November is National Diabetes Awareness Month and for people who suffer from the disease, what to eat can be a daily life or death decision. Super Bowl champ Tom Crabtree of the Green Bay Packers is a National Spokesman for the Juvenile Diabetes Research Foundation and his wife, Chelsea was diagnosed with the disease when she was four years old.
Together, they share some great information, tips and recipes for parents and kids whose lives are affected by juvenile diabetes.
Tom Crabtree: It is part of everyday life with my family, so I’m fortunate enough to have a stage where I can raise awareness.
Eatocracy: How is juvenile diabetes different from other types of diabetes?
Chelsea Crabtree: J.D. is Type 1 diabetes and can be hereditary or autoimmune - not caused by bad eating habits. Type 2 Diabetes can be linked with lifestyle choices such eating habits or lack of exercise.
Eatocracy: What are some of the things you do to raise awareness?
Tom: Through Twitter @Tcrabtree83, I have raised awareness with my fans and I have a personal website tcrabtree83.com where fans can buy merchandise and part of the proceeds go to JDRF. And we have future plans with our local chapter.
Eatocracy: How important is education? There are so many myths such as sugar causing diabetes.
Chelsea: Education is really important. Many people don’t realize there are two types of diabetes and that Type 1 is becoming more prevalent.
From jdrf.org: Each and every day in the U.S., about 80 people are diagnosed with type 1 diabetes.
Eatocracy: How did you find out you had juvenile diabetes?
Chelsea: I was diagnosed when I was four. My parents didn’t recognize the signs but I was very thirsty, I was urinating a lot and being very hostile with others. They took me to the doctor who checked my blood sugar and I was taken to the hospital where I was diagnosed.
Eatocracy: How did you get through childhood events such as birthday parties and holidays?
Chelsea: I would bring home what was served and I would auction it off to my sister and my parents and the dinner table and the highest bidder would win. So I got something out of it without the temptation of eating the sweets.
Eatocracy: How would you suggest a parent go about supporting their child who is diabetic, when it comes to food and feeling different?
Chelsea: I think it is important to acknowledge they are different and empower them about food - what they can and can’t have. I went to a camp for children with diabetes and they stressed how we were in control of making good food choices.
Eatocracy: Do you have any suggestions regarding diet restrictions and food substitutions to help a kid still feel like a kid?
Chelsea: You do have to watch sugar, fats and carbohydrates but I have still have fun recipes that substitute for kid friendly foods. [Chelsea's recipes are below]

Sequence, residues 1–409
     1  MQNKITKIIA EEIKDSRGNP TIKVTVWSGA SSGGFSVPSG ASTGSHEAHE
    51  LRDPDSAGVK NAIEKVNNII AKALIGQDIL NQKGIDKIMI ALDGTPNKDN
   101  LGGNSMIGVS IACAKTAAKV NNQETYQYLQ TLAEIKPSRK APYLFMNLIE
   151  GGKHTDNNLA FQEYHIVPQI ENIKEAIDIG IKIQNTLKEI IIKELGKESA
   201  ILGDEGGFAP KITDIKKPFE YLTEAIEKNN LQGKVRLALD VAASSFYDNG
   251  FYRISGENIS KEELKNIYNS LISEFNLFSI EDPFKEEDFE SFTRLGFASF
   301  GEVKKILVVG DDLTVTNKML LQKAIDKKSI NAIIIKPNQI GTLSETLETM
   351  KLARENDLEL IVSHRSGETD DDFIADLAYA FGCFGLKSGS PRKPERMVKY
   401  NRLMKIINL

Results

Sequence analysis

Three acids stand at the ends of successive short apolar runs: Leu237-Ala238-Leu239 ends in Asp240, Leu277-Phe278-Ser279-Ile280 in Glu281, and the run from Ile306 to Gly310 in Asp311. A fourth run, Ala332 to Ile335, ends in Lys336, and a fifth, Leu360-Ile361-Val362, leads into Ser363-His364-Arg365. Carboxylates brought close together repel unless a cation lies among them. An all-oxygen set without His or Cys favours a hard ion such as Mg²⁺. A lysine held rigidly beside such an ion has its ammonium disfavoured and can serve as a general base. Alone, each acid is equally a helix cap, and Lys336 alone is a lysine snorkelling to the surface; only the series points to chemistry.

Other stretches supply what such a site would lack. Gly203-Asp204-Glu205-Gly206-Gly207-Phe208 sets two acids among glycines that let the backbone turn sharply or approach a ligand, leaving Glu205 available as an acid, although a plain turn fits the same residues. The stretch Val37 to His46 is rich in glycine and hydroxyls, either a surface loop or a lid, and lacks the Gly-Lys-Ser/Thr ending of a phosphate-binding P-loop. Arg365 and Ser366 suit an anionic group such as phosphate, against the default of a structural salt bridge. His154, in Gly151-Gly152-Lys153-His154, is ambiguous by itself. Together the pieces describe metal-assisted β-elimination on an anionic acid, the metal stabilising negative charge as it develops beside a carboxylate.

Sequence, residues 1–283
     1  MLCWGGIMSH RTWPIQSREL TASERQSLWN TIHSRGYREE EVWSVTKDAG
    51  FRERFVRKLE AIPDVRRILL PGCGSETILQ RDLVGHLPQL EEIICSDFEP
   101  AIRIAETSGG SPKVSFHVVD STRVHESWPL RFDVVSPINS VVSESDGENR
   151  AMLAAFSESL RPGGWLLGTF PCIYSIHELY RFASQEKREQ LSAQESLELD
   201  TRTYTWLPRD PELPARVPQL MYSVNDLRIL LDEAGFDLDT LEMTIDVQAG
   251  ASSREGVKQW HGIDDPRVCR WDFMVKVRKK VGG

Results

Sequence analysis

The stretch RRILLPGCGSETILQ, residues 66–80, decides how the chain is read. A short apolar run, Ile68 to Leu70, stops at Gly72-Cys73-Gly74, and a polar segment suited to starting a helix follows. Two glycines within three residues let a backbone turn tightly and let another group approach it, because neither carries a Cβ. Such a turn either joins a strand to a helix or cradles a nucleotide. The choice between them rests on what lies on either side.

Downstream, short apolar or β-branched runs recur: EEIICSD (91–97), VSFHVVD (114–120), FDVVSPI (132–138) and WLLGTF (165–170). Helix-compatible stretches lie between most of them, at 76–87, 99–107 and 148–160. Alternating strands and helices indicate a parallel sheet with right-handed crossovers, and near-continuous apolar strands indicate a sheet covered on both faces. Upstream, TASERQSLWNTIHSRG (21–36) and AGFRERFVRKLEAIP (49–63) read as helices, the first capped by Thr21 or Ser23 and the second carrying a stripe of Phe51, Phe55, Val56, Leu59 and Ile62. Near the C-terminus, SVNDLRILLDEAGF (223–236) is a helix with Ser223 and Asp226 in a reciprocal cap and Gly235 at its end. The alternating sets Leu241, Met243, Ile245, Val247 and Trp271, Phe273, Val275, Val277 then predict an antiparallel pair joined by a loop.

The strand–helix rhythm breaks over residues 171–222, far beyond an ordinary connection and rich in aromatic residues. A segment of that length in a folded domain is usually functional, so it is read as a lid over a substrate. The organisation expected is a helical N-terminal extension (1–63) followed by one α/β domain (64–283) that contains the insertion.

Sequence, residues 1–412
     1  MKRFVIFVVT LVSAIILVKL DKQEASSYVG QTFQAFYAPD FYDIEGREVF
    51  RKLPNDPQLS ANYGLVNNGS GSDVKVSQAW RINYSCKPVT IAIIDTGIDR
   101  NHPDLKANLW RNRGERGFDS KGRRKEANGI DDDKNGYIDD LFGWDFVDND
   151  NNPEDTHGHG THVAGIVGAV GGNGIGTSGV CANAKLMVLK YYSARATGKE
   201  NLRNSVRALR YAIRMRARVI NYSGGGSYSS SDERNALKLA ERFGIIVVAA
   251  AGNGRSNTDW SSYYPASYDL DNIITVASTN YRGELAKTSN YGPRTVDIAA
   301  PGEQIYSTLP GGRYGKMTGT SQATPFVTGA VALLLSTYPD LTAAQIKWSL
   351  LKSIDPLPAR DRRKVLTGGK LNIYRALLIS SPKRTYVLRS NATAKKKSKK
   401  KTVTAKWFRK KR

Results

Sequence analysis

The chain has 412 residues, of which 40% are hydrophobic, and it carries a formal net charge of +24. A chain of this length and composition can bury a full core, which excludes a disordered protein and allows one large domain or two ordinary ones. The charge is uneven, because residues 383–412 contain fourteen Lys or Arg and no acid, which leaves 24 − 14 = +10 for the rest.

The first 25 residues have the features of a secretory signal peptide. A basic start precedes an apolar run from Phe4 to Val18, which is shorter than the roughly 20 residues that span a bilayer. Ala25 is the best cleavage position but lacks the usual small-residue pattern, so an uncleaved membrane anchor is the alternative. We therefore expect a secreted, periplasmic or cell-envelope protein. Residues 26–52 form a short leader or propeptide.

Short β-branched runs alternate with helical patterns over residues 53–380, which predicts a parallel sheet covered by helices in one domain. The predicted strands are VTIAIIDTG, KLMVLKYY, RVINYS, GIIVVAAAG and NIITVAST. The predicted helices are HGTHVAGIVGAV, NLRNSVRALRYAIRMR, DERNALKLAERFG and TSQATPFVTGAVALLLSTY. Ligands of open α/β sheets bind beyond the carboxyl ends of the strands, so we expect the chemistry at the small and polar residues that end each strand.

Eatocracy: You are new parents. Is your son genetically predisposed to diabetes?
Chelsea: We will have him tested but they don’t think mine is genetic because nobody else in the family has ever being diagnosed.
Eatocracy: We all know that most processed foods carry loads of sodium which is a trigger for diabetics. Being a busy person, how you navigate fast food restaurants and those quick fixes that may be harmful to your wife’s health?
Tom: Life is really fast-paced and you can’t always avoid fast food. But you have to be smart and make good choices, and that comes back to the education side of it and doing research to see what foods you can eat at different restaurants.
Eatocracy: You’re a tight end, I’m sure that comes with a hearty appetite. How has your wife’s disease affected how you eat and your awareness of the contents of your food?
Tom: It has been a positive for me. In my line of work, a healthy diet is necessary. So I eat a lot but together we make good food choices.
Sugarless Pumpkin Pie
2 eggs, slightly beaten
Mix filling ingredients in order given. Pour into pie shell. Bake in preheated 425 degree oven for 15 minutes. Reduce temperature to 350 degrees and continue to bake for 45 minutes or until knife inserted in center comes out clean. Cool.
***If using a store-bought frozen shell, the recipe fills two. Bake on cookie sheet in preheated 425 degree oven for 15 minutes. Reduce heat to 350 degrees and continue baking for about 30 minutes or until knife comes out clean.
***If using a store-bought deep dish shell the recipe fills one. Let shell thaw for 10 minutes: then pinch edge so that it stands 1/2" above rim of pan. Bake on cookie sheet in preheated 425 degree oven for 15 minutes. Reduce heat to 350 degrees and continue baking 50 minutes or until done.
Sugarless Apple Pie
6 medium granny smith apples, peeled and sliced
Place apples and undiluted apple juice in large pan. Bring to boil, reduce heat and simmer, covered, about 5 minutes. Dissolve cornstarch in a small amount of water. Gently stir cornstarch into apple mixture.
Bring to boil, reduce heat and simmer, covered, 10 to 15 minutes or until apples begin to soften and mixture is thickened. Gently stir in cinnamon. Fill pastry shell with apples. Use a 10" pie plate with slices about 2" deep. Dot margarine over apple mixture.
Cover pie with a top crust which has been pricked with a fork or with a lattice-type crust.
Bake at 350 degrees for 45 minutes or until golden brown
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